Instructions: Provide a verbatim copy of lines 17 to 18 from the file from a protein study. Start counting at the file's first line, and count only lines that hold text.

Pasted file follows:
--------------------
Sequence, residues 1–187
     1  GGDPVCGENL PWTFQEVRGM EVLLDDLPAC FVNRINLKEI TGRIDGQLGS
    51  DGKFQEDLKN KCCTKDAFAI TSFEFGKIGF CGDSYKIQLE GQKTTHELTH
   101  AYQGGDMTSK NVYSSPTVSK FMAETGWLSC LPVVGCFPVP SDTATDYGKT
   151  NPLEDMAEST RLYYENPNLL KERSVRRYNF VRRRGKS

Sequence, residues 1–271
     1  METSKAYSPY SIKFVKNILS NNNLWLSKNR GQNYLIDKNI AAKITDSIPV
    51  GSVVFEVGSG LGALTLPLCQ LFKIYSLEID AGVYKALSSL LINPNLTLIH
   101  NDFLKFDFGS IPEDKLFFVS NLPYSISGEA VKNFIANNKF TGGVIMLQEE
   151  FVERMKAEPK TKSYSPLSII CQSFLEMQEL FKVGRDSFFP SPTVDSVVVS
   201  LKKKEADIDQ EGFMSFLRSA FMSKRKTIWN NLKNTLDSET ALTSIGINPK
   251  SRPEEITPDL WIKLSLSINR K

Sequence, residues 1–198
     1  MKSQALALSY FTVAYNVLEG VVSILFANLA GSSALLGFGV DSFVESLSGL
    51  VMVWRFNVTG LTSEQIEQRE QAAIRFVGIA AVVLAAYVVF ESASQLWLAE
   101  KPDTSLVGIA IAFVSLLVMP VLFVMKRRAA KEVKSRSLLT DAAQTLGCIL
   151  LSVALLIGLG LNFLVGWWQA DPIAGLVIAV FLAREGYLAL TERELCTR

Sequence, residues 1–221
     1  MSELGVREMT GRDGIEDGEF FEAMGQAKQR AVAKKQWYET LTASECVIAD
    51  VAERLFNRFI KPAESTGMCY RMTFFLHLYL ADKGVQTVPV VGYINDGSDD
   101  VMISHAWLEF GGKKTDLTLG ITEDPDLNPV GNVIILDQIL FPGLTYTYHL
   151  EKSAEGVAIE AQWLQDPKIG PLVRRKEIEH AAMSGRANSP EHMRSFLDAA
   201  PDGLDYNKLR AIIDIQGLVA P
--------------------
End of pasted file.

   151  LSVALLIGLG LNFLVGWWQA DPIAGLVIAV FLAREGYLAL TERELCTR

Sequence, residues 1–221